SUMMER SHOW at Denise Bibro Fine Art presents an array of interesting voices, but two of the strongest stood out to me as coming from Dusty Boynton and Christopher Reiger. Both have harnessed something whimsical and powerful from their earliest experiences of the world, and we are the lucky who get to glimpse into that private space. Dusty Boynton nods to the moment of realizing the hand you are holding belongs to a stranger with hybrid characters that frolic and linger, flail and posture, tempering the fancy of childhood with the acumen assumed with time.
Dusty Boynton, Small Crowd, 2011/2012. Structured relief, 32 x 33 inches
Dusty Boynton, Rosemary’s Watch, 2011/2012. Structured relief, 50 x 19 inches
Dusty Boynton, Accumulated Loneliness, 2011. Oil and graphite on linen, 66 x 72 inches Christopher Reiger reactivates that ingenious childhood ability to imagine reality as it unfolds before us with symbol-rich imagery, that is at once grounded in science and history while tethered to mythology and mysticism.
Christopher Reiger, Living, Moving, In The Space Between, 2009. Gouache, watercolor and marker on Arches paper, 15 x 14 7/8 inches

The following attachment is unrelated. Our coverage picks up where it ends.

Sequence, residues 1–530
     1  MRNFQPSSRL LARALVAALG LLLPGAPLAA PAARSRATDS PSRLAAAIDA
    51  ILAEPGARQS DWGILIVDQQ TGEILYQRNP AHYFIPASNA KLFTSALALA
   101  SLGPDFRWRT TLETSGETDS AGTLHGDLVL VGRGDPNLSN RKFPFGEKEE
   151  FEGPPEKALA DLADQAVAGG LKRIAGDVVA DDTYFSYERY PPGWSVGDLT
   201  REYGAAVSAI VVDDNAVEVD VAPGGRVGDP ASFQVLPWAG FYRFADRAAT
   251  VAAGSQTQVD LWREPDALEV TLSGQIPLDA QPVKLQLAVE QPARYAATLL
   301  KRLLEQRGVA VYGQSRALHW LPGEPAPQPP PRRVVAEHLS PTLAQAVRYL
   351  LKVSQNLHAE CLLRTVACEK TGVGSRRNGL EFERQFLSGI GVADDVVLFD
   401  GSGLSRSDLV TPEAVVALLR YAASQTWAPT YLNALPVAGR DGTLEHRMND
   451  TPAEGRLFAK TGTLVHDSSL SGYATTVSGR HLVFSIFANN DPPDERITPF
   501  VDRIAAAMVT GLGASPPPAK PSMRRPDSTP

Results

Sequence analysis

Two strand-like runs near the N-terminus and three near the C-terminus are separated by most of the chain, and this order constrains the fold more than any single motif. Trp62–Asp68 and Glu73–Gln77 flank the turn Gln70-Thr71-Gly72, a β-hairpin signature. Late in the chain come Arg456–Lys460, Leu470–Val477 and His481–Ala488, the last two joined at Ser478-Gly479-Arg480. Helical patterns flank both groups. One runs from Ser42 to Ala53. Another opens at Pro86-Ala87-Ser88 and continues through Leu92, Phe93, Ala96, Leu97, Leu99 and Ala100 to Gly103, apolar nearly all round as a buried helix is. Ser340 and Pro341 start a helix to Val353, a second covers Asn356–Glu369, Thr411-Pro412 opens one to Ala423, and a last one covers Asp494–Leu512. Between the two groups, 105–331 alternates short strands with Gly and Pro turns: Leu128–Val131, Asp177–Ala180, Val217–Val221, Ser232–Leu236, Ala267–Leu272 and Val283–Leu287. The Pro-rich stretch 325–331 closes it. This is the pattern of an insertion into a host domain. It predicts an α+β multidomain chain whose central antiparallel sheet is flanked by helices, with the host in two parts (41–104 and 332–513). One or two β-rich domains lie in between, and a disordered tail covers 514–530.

Christopher Reiger, Cost Benefit Analysis, 2008. Pen and sumi ink, gouache, watercolor and marker on Arches paper, 12 x 12 inches
Christopher Reiger, Everywhere Looks The Same #1, 2008. Watercolor, gouache, pen and sumi ink on Arches paper, 12 3/4 x 10 inches CHRISTOPHER REIGER Christopher Reiger – charitable sales model DUSTY BOYNTON Dusty Boynton at Denise Bibro Fine Arts DENISE BIBRO FINE ARTS SUMMER SHOW – July 10 through August 25, 2012 – at Denise Bibro Fine Art, 529 West 20th Street 4W, NYC 10011
A short film that tells the story behind the ‘Keep Calm and Carry On’ poster. Its origins at the beginning of WWII and its rediscovery in a bookshop in England in 2000, becoming one of the iconic images of the 21st century. Film, music, script and narration by Temujin Doran.
I recently had the opportunity to experience Matt Woodward’s massive, beautiful, harsh, and fragile drawings at the Chicago Cultural Center. The exhibition felt somber and powerful, like entering a gothic chapel or a convention for the deaf as the dust is settling from an unspeakable catastrophe. I had the sense of something larger in action, with the whisper of full accessibility only for the true believer or those of affirmed legitimacy. Yet, as one nears these works made with graphite, wood glue, putty, rain water, scorching sun, rasping wind, dust and detritus, the tangible experience commences. They are screamingly calm, violently still, requisitioning anyone who can access these emotional complexities to enter and engage. Matt Woodward, Sullivan Imitation Installation View 1, 2012 Matt Woodward, Sullivan Imitation Panel III, 2012 Matt Woodward, Milwaukee Avenue Series, Panel 1 of 3, 2011 Matt Woodward, Western Avenue, 2011